I've been really impressed with Pittsburgh's fourth line. Every time Asham, Adams, and Michael Rupp step on the ice, it's a positive for the Penguins. The three of them have been strong at both ends and they're a matchup problem for whoever the Lightning try and use against them. They're a bit like Detroit's old "Grind Line" of Kris Draper, Darren McCarty, and Kirk Maltby. Stir things up, lean on the other team, set up better matchups for the scoring lines, and maybe score a goal or two.

The Lightning have no one like that except for Steve Downie. The good news is that it's not a very hard thing to retool. Players on lower lines are rarely locked up long-term. It's just a matter of hitting on the right combination. If it doesn't click one year, you can find some replacements and maybe it clicks the next. Fortunately there's someone in the Lightning organization who's very familiar with the Grind Line concept -- GM Steve Yzerman was the captain of those teams.

THE FUTURE

The Lightning are probably going to lose this series. That doesn't bother me too much, for two reasons. First, can you name a team that won it all on their first run together through the playoffs? It just doesn't happen, barring unusual circumstances (like Carolina in 2006, where teams were so drastically different in the first year after the lockout that experience really didn't matter). Look at the team who's about to win this series. The Penguins needed three playoff runs and a coaching change before they finally won a Stanley Cup in 2009. Or look at last year's Blackhawks, who didn't measure up to the Red Wings in that 2009 season. They regrouped, got valuable experience for many of its best players in the Olympics, and used all their lessons to take the Cup home.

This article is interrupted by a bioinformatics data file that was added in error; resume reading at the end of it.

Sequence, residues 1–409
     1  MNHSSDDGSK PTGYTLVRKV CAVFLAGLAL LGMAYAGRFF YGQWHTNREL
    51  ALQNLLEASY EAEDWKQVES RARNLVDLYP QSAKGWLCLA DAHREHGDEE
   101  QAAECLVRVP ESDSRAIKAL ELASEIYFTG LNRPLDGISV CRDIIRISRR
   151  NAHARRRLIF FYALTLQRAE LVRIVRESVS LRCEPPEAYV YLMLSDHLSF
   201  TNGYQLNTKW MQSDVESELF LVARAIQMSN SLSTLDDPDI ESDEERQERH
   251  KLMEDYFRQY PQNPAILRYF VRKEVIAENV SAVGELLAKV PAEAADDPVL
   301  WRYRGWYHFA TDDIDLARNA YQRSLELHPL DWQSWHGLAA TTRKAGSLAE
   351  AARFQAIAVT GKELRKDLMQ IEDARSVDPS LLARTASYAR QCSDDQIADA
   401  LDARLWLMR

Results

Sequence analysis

And second, look at where the Lightning were 12 months ago compared to now. Or if you can do it without laughing out loud, look at the train wreck that the team was 24 months ago. Jeff Vinik, Tod Leiweke, Steve Yzerman, and Guy Boucher should get credit for an impressive reversal of the franchise's fortunes. But I'm sure none of them would say that the job is done, or even close to done. It may be tough to see it this way with the Lightning staring down elimination, but this should be one of the most optimistic times in franchise history. Let's see what happens next.